Hashing Tutorial

Section 6.4 - Double Hashing

Both pseudo-random probing and quadratic probing eliminate primary clustering, which is the name given to the the situation when keys share substantial segments of a probe sequence. If two keys hash to the same home position, however, then they will always follow the same probe sequence for every collision resolution method that we have seen so far. The probe sequences generated by pseudo-random and quadratic probing (for example) are entirely a function of the home position, not the original key value. This is because function p ignores its input parameter K for these collision resolution methods. If the hash function generates a cluster at a particular home position, then the cluster remains under pseudo-random and quadratic probing. This problem is called secondary clustering.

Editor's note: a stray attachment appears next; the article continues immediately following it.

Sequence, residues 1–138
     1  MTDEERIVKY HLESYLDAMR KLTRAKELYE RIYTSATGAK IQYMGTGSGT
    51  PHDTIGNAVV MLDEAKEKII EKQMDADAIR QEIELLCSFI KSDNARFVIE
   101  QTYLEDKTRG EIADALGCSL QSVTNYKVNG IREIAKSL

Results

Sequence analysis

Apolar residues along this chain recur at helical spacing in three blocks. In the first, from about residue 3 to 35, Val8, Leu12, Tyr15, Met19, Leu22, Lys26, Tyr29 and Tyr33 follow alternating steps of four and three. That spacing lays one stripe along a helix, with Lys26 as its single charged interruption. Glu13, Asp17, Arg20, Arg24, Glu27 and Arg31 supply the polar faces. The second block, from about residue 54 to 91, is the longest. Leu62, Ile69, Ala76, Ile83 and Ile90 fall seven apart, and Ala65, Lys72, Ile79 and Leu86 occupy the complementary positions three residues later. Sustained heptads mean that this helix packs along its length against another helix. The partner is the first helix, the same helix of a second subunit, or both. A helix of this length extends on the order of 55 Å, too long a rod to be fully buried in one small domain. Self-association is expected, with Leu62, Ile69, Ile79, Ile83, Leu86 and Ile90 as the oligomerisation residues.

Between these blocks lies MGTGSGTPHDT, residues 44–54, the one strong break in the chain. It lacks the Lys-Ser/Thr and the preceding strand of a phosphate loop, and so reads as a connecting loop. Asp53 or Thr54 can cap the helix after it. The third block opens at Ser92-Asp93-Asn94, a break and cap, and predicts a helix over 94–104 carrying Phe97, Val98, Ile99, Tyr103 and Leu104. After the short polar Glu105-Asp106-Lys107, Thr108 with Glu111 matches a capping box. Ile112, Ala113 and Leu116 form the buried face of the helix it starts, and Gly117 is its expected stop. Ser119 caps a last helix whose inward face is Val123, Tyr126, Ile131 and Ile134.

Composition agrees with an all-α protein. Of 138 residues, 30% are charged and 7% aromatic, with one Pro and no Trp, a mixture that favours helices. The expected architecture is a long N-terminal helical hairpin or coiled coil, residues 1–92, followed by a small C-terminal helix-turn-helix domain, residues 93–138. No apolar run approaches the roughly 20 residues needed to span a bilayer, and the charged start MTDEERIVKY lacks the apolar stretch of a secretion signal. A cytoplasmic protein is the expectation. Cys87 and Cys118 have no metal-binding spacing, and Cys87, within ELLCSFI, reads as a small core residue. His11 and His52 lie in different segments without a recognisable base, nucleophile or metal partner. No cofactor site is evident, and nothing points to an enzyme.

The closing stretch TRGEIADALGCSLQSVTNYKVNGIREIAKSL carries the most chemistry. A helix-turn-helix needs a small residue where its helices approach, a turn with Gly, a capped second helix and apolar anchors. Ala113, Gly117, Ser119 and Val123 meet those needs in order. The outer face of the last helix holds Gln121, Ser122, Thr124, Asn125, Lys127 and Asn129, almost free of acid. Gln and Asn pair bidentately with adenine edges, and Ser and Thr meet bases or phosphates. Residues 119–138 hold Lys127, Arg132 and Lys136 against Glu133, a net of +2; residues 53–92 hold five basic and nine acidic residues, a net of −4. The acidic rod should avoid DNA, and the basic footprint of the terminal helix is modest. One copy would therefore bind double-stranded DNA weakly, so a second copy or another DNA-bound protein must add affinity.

To avoid secondary clustering, we need to have the probe sequence make use of the original key value in its decision-making process. A simple technique for doing this is to return to linear probing by a constant step size for the probe function, but to have that constant be determined by a second hash function, h2. Thus, the probe sequence would be of the form p(K, i) = i * h2(K). This method is called double hashing.

Use this applet to try out double hashing for yourself. Insert several values that all hash to the same slot. You should see that they follow different probe sequences.

A good implementation of double hashing should ensure that all of the probe sequence constants are relatively prime to the table size M. This can be achieved easily. One way is to select M to be a prime number, and have h2 return a value in the range 1 <= h2(K) <= M-1. Another way is to set M = 2m for some value m and have h2 return an odd value between 1 and 2m.